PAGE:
//  9/22/17  //  Uncategorized

Cross-posted from Shugerblog

On Tuesday evening, I received the proposed response by Seth Tillman and Josh Blackman explaining their treatment of the Hamilton “Condensed Letter.” I am writing separately from my co-authors on our amicus brief to offer my appreciation for the hard work by Tillman and Blackman to produce these experts’ reports, and I write to offer them an apology.

I welcome amicus’s introduction of these scholars and their interpretations. I have great respect for their expertise and their analysis. I am satisfied that Tillman and Blackman have provided support for their perspective on these documents. I note that we found the “Condensed Letter” in the archives only six weeks ago, and I will continue to examine it in light of these experts’ reports. There is much more to the arguments about the Emoluments Clauses, and I look forward to engaging them in future briefs.

Most importantly, I offer them a public and personal apology for my public questioning of their claims. I was wrong to suggest that Tillman misused sources, and I was wrong to question his credibility. I take full responsibility for my Aug. 31st blog post, which was my work alone, and solely my error in judgment. Even if my questions were reasonable and posed in good faith, I regret that I did not ask these questions by email to give Tillman an opportunity to respond directly. Tillman is a diligent, creative, intelligent, and learned scholar who deserved more respect than the way I handled these exchanges. I’m sincerely sorry for any trouble or hardship I caused for Mr. Tillman and his family.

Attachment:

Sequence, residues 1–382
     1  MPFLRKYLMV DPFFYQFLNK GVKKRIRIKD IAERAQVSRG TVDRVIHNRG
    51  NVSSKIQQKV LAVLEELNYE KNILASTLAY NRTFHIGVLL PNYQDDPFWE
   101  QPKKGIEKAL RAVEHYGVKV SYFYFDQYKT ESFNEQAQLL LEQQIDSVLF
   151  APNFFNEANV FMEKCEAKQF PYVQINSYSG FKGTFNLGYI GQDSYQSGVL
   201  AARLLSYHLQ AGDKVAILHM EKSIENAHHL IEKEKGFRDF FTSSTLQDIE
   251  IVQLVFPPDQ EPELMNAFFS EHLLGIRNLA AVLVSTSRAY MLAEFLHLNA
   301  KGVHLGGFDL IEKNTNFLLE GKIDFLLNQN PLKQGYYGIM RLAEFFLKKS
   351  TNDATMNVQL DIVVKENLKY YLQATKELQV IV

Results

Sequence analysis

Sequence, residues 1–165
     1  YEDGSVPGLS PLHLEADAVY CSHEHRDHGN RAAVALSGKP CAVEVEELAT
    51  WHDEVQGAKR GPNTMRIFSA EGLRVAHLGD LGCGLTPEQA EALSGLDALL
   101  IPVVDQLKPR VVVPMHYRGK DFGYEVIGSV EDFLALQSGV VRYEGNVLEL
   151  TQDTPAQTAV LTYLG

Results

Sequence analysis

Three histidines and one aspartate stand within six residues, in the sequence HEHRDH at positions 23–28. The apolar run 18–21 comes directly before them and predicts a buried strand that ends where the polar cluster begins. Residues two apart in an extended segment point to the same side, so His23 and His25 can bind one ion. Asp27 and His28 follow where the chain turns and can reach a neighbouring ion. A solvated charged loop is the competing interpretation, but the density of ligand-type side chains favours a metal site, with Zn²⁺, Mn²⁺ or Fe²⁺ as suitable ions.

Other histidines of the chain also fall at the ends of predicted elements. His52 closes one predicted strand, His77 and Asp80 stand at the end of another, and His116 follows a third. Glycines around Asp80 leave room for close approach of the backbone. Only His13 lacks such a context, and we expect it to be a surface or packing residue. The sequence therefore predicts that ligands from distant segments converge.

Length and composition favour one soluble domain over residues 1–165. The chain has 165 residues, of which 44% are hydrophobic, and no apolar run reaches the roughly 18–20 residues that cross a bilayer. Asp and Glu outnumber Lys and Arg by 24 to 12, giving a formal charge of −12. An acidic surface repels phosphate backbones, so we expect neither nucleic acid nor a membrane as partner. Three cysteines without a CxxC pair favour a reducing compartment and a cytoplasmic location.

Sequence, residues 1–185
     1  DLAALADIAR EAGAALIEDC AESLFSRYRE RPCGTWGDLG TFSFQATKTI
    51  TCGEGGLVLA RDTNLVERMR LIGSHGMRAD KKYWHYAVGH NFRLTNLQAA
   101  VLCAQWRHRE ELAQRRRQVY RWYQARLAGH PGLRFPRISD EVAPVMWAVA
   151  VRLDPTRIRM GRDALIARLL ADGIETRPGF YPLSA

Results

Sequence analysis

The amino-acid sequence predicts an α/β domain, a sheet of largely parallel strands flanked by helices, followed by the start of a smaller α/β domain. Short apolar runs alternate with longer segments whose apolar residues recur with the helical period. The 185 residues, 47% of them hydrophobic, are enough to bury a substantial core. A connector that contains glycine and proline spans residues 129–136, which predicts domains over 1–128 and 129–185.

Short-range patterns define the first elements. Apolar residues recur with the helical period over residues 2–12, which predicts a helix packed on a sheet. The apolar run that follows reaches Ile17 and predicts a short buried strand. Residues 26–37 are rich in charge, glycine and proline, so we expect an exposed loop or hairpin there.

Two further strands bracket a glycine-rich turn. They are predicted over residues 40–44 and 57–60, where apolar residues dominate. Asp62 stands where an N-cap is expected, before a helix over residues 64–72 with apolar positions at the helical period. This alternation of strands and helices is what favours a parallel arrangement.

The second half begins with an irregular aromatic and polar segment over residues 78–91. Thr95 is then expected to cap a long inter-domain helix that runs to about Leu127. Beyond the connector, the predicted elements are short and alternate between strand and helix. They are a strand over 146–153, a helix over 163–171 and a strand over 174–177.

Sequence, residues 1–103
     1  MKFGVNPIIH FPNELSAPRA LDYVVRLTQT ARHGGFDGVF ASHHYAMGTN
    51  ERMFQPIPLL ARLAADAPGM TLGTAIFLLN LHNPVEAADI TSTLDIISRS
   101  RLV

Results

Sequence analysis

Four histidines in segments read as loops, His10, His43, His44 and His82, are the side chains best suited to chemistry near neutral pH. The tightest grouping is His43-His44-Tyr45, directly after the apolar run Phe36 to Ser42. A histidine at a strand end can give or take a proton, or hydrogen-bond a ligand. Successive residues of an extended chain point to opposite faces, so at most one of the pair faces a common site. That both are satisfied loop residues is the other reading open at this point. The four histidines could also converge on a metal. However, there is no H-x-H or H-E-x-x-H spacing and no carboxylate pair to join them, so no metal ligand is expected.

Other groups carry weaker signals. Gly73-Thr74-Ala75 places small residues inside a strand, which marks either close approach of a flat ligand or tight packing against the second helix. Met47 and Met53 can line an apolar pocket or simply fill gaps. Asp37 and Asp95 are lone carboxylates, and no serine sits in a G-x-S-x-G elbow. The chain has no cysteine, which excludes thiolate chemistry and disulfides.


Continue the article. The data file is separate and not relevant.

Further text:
President Trump's Assault on the Antiquities Act

12/5/17  //  Commentary

On Monday, President Trump announced that his administration was taking dramatic action to reduce the size of two national monuments in Utah. The President’s announcement is out of step with historical use of the Antiquities Act.

Complicity and Speech: The Right’s New Effort to Rewrite the First Amendment

12/4/17  //  In-Depth Analysis

Conservative legal activists have pushed a sweeping view of the First Amendment’s protection against compelled speech. These new complicity claims should fail.

Trump’s Newest Attack on the Rule of the Law

12/4/17  //  Commentary

Trump isn’t just reckless, and he doesn’t just seem to think he is above the law. He has an authoritarian’s hostility to the very idea of a principled inquiry into the truth.

David Sklansky

Stanford Law School